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Translation Pattern Configuration

Route Pattern

Transformation Settings

2004 Cisco Systems, Inc. All rights reserved.

CIPT1 v4.13-16

Configuration of a translation pattern is similar to configuration of a route pattern. Each pattern has calling and called-party transformations and wildcard notation. The difference is that when Cisco CallManager applies the translation pattern, it starts the digit analysis process over and routes the call through a new path if necessary. To configure a translation pattern, click the Route Plan menu and choose Translation Pattern. You can define the route pattern to match and the calling or called-party transformation settings that you would like to apply.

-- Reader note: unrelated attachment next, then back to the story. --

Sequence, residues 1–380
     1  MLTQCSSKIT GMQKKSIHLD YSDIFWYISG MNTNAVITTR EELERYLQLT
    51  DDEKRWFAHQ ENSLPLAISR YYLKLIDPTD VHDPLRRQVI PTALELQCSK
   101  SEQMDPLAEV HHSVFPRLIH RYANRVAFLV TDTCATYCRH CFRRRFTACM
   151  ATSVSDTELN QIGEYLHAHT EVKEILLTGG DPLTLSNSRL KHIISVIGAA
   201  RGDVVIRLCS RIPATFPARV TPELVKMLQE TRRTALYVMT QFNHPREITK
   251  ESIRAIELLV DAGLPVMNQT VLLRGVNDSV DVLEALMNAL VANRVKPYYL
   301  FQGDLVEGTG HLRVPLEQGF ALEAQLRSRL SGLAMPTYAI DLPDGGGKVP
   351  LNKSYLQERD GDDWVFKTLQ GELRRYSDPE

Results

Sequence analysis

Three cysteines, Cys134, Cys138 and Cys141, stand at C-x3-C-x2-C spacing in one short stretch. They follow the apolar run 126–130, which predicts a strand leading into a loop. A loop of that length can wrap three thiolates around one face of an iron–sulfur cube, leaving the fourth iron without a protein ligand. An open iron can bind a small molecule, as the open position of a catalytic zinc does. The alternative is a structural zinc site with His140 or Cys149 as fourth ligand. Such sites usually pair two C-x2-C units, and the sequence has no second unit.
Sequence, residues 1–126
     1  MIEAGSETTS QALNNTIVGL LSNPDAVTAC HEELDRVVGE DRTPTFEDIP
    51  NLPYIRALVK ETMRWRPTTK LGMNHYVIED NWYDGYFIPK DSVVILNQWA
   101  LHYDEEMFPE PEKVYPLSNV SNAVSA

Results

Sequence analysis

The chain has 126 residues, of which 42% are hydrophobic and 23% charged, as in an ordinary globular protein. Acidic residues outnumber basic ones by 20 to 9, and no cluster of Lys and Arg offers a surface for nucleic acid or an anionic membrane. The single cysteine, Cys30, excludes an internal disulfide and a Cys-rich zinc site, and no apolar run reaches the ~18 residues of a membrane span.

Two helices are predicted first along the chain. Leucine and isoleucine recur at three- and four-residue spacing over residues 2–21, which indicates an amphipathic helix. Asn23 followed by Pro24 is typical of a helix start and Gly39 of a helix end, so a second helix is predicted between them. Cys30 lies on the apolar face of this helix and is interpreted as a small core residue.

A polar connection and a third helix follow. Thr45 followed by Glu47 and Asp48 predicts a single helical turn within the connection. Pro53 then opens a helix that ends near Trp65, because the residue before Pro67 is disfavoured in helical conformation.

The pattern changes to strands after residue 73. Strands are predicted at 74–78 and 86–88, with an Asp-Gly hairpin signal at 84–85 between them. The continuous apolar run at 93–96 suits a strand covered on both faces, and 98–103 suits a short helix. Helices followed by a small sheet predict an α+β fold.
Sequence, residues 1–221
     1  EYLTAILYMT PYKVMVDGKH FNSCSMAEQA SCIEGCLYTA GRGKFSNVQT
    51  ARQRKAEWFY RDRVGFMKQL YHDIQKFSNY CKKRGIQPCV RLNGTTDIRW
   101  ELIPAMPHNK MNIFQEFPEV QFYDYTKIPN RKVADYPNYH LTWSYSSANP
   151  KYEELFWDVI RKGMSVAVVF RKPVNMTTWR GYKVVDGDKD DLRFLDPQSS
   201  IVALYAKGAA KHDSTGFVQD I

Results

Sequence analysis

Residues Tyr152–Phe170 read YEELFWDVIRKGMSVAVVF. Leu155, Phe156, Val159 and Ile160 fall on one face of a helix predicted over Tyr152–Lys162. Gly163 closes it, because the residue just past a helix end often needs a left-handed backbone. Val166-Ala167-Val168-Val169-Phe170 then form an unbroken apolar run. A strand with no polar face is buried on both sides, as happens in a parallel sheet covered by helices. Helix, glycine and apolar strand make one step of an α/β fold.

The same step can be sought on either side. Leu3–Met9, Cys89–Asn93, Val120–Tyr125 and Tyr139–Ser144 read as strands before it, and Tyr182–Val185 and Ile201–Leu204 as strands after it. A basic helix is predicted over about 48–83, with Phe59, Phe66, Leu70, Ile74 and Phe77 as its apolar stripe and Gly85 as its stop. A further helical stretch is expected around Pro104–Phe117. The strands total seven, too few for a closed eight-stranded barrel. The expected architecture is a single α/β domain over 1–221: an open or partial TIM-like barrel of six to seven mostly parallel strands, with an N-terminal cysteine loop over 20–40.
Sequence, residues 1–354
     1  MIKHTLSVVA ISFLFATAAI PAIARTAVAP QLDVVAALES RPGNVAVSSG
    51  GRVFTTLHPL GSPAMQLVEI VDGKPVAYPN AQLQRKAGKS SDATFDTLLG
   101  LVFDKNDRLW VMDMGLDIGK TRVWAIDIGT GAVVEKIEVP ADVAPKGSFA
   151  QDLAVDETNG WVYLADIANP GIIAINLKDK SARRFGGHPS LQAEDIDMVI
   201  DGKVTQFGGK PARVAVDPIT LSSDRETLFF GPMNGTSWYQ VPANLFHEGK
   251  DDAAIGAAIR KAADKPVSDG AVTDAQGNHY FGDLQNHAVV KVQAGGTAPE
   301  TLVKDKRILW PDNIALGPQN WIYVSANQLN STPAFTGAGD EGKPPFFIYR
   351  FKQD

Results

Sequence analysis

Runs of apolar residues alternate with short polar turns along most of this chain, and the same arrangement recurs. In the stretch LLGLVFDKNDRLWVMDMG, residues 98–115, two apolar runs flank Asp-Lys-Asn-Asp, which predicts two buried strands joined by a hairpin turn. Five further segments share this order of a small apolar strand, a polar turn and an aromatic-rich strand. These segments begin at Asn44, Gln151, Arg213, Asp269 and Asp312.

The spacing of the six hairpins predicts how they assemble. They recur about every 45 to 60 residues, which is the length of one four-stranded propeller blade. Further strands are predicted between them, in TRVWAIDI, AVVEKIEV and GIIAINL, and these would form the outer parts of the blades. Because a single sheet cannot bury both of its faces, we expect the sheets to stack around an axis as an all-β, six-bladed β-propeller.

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Common Uses of Digit Translation


Can be used to send calls to unassigned DID numbers to attendant or recording
A

Translation Pattern = XXXX Called Party Transform Mask = 4111 CallManager uses longest match so XXXX will match any nonconfigured number and get sent to 4111 (attendant)

PSTN
PSTN DID Range 408-555-1xxx

Employee Attendant Phones (4111)

OR

Internal Extensions 4XXX

PSTN DID range does not match internal range Translation Pattern = 1XXX Called Party Transform Mask = 4XXX
CIPT1 v4.13-17

San Jose
2004 Cisco Systems, Inc. All rights reserved.